Tag Archives: interest-grammar

  1. Can You Correct These Grammatically Incorrect Song Lyrics?

    These lyrics may be catchy, but there’s one, big grammatical error within them. Can you spot it? 
  2. What Are All Of The Different Ways To Pluralize “You”?

    What's up you guys?! Or wait, should it be what's up y'all? Let's break down all of the ways you can address the plural you.
  3. “Then” vs. “Than”: See If You Know The Difference Between Them

    Then and than are among the 100 most frequently used words in the English language. The fact that they’re so common means that they’re also commonly misused! Do you say I will call you no later than 7 pm or then 7 pm? Would you say the company needs a good accountant more than (or then) ever? Some examples are trickier than others, but you can learn to distinguish …

  4. If A Word Ends In “S,” How Do You Make It Possessive?

    Second only to the use of the Oxford comma, the creation of possessives for words ending in S and the S sound is one of the most hotly debated grammar topics in the English language. The issue isn’t as cut and dried as some grammar rules, such as what punctuation is used to end a declarative sentence. (A period. Why can’t all grammar rules be this …

  5. Canceled vs. Cancelled: Which Is Spelled Correctly?

    by John Kelly, Senior Research Editor at Dictionary.com From March Madness and SXSW to birthday parties and spring break vacations, many gatherings, big and small, have been canceled due to the coronavirus outbreak around the world. … or is it cancelled? Now, spelling may seem like the least of our worries during these trying and unusual times, but many people are curious and still want …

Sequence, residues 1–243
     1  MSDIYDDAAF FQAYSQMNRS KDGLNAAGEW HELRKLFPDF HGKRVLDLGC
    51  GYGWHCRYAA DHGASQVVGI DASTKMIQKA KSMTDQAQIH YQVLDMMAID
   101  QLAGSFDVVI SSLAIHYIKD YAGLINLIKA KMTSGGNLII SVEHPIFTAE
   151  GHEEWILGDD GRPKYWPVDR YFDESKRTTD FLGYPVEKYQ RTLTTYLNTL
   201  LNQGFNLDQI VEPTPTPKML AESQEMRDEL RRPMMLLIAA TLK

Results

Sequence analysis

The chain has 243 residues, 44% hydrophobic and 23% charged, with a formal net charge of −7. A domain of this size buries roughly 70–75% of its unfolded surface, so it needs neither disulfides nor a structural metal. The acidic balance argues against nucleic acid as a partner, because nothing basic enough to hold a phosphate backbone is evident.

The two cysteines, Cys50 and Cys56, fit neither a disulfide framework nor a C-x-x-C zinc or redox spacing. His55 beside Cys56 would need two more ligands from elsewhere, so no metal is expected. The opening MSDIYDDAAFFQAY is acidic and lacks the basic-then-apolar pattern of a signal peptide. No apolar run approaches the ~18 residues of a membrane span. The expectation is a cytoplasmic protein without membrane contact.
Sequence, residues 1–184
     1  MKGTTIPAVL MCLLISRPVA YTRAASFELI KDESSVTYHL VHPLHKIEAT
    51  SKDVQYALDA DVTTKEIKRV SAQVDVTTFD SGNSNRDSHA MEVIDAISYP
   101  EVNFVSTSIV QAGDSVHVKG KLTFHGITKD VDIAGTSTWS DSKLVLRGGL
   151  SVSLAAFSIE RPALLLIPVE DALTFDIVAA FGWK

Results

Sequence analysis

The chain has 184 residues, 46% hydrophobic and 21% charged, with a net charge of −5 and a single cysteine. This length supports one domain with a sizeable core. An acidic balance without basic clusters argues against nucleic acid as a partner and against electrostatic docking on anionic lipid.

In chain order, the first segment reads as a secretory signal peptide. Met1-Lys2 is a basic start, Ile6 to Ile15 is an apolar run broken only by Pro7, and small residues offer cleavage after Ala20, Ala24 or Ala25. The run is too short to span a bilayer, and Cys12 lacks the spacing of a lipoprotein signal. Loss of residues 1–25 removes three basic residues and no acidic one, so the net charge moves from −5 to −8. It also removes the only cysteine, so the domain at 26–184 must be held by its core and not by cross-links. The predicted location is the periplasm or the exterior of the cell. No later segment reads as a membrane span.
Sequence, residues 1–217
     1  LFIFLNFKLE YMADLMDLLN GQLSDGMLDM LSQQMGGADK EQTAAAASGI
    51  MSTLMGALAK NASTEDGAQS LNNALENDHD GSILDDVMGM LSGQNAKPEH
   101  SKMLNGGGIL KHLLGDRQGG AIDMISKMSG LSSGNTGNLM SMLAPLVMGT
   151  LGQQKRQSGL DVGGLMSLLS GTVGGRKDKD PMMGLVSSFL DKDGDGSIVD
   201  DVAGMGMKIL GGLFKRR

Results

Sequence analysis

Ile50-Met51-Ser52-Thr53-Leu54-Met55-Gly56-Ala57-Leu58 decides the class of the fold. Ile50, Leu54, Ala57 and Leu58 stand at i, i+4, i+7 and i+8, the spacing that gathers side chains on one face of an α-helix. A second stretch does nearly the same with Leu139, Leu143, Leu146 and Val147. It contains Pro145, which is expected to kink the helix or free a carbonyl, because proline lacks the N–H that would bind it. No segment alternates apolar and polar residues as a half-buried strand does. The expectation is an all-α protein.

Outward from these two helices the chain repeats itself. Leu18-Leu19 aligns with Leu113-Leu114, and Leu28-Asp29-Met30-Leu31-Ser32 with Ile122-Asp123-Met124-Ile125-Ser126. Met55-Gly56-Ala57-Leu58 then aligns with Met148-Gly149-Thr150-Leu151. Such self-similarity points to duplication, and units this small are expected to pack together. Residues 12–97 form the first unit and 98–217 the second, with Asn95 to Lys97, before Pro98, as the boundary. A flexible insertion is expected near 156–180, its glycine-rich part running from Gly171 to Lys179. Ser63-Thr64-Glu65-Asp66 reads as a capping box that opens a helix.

6. What Are The 6 Major Punctuation Marks?

    What happens when you mix up your punctuation? Well, there’s a million hilarious examples of grammatical mixups that point out the difference between—for example, Let’s eat Grandma vs. Let’s eat, Grandma. There’s even a grammar book named after the phrase eats shoots and leaves, which is what a panda does (as opposed to eats, shoots, and leaves). What a difference a comma can make! But …

  7. How Do You Add Emphasis With Italics?

    If you’re thinking of using italics to emphasize words, keep in mind that the type of writing you do—and what style guide you follow—will determine how you use italics. Italics are typically used to show emphasis (For example: “I don’t care what he thinks. I do what I want!”) or to indicate titles of stand-alone works (Black Panther, Lost in Translation). Different style guides have …

  8. What Are Good Transition Words?

    Imagine this: you’re writing an essay and just jotted down a particularly insightful point. You’ve backed it up with examples, and are feeling pretty good about your work … so, what comes next? If you answered, “a transition word,” you’re right! Transition words do the hard work of connecting one sentence or paragraph to the next. A transition—which sometimes requires a phrase or full sentence—can …

  9. 5 Types Of Nouns That We Use All The Time

    Nouns come in a lot of different shapes and sizes. The major ones are common nouns, proper nouns, abstract nouns, possessive nouns, and collective nouns. First, what is a noun? A noun is a person, place, or thing. The category of things may sound super vague, but in this case it means inanimate objects, abstract concepts, and activities. Phrases and other parts of speech can also …

  10. Accent Marks: Do We Really Need Them?

    Fancy? Fundamental? Or just plain frustrating to deal with? Accent marks draw a mixed reaction from people.  So, do we really need them? Let’s take a look.  What is an accent mark, anyway? Accent marks are diacritic marks, which are added to a letter or character to set them apart from others and “give it a particular phonetic value, to indicate stress, etc.” That makes sense, …